By day, I'm a domestic violence prosecutor. By night, I read romance to restore my faith in love, relationships, and humanity in general.
I've fallen behind in my reviews, so this is just a quicky:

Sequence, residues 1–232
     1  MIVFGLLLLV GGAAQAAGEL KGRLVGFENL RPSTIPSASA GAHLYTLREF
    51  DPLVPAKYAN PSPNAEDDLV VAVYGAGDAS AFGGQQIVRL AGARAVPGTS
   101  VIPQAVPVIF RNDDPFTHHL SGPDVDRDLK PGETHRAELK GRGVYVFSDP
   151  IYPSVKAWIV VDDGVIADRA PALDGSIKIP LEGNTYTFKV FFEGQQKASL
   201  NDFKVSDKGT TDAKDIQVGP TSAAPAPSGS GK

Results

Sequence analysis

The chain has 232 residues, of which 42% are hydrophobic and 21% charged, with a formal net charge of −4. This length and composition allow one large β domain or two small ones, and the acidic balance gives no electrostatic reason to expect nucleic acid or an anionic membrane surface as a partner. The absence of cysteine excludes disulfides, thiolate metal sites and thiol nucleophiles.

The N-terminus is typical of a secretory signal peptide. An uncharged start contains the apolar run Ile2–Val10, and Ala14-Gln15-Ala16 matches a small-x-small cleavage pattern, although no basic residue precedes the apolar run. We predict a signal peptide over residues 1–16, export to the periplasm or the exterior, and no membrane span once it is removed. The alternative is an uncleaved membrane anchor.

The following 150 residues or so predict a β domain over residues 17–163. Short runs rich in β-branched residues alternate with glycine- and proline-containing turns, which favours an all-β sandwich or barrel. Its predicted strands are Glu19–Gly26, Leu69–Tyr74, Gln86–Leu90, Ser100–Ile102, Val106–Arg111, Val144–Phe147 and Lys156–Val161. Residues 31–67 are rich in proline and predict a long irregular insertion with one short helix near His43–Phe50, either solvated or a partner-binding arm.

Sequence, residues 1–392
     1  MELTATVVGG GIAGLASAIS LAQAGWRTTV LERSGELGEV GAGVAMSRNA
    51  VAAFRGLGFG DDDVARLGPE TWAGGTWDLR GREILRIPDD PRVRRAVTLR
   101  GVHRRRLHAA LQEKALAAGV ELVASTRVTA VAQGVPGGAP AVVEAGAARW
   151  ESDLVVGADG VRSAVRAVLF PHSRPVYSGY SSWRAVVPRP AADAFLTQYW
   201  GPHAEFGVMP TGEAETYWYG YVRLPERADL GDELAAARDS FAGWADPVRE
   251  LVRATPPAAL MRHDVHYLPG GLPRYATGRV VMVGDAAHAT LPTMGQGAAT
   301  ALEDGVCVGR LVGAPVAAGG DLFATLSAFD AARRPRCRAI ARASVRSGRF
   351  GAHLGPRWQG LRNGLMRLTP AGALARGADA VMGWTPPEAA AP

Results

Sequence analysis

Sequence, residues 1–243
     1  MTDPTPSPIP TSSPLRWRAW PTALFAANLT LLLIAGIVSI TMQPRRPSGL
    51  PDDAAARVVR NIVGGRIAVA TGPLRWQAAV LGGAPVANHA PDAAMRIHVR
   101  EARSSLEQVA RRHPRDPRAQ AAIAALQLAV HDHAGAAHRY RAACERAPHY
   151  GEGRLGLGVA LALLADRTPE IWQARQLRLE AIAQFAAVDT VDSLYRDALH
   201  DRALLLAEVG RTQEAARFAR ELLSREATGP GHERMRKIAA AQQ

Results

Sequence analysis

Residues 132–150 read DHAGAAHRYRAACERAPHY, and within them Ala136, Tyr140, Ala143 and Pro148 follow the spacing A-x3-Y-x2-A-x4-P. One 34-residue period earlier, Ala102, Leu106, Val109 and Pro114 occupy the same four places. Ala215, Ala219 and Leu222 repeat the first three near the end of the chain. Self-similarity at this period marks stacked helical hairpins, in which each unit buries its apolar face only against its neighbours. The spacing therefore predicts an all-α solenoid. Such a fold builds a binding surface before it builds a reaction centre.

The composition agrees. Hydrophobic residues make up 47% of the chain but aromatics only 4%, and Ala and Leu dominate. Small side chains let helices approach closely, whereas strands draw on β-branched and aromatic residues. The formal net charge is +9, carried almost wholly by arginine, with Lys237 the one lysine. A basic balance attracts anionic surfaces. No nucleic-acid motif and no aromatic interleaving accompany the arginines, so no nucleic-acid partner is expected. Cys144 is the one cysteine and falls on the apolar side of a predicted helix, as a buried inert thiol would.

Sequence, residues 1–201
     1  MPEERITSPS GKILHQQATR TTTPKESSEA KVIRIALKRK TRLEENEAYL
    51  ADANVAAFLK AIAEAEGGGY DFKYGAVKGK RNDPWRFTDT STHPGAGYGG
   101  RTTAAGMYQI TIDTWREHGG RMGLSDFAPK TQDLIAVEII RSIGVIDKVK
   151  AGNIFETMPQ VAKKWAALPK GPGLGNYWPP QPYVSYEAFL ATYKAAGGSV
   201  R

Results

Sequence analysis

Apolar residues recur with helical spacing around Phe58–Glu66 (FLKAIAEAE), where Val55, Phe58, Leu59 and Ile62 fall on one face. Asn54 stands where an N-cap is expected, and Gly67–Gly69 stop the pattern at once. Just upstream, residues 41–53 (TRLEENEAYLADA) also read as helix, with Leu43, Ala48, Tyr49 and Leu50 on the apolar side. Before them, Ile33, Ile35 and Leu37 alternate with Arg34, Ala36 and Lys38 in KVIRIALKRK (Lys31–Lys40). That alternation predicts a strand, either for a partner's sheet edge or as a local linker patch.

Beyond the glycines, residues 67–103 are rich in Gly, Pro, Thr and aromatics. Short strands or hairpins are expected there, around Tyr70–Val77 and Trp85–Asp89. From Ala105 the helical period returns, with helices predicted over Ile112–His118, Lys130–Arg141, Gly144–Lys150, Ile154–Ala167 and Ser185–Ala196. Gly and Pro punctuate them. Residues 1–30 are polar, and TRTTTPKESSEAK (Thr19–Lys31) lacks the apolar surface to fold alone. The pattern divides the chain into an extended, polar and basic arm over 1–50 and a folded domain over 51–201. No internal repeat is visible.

The folksy/backwoods Appalachian dialect in this made me crazy and diminished my enjoyment of the story (even though I recognize it was well done). I did enjoy the premise, though--widow forced to remarry chooses the town simpleton. Intelligence is such a basic requirement of romance heroes, it was frankly amazing to read a book with a romantic protagonist who, as a result of a birth defect, has a significant cognitive disability. I also admire how Jess's disability was portrayed. He does not feel self-pity (though he does occasionally get frustrated by his limitations, such as the ability to find the right words to express himself, especially when stressed), and for the most part, the heroine doesn't pity him, either. The plot is well crafted so that the romance between the two is believable, and not just that Jess is the least objectionable among several bad candidates for Anthea's groom.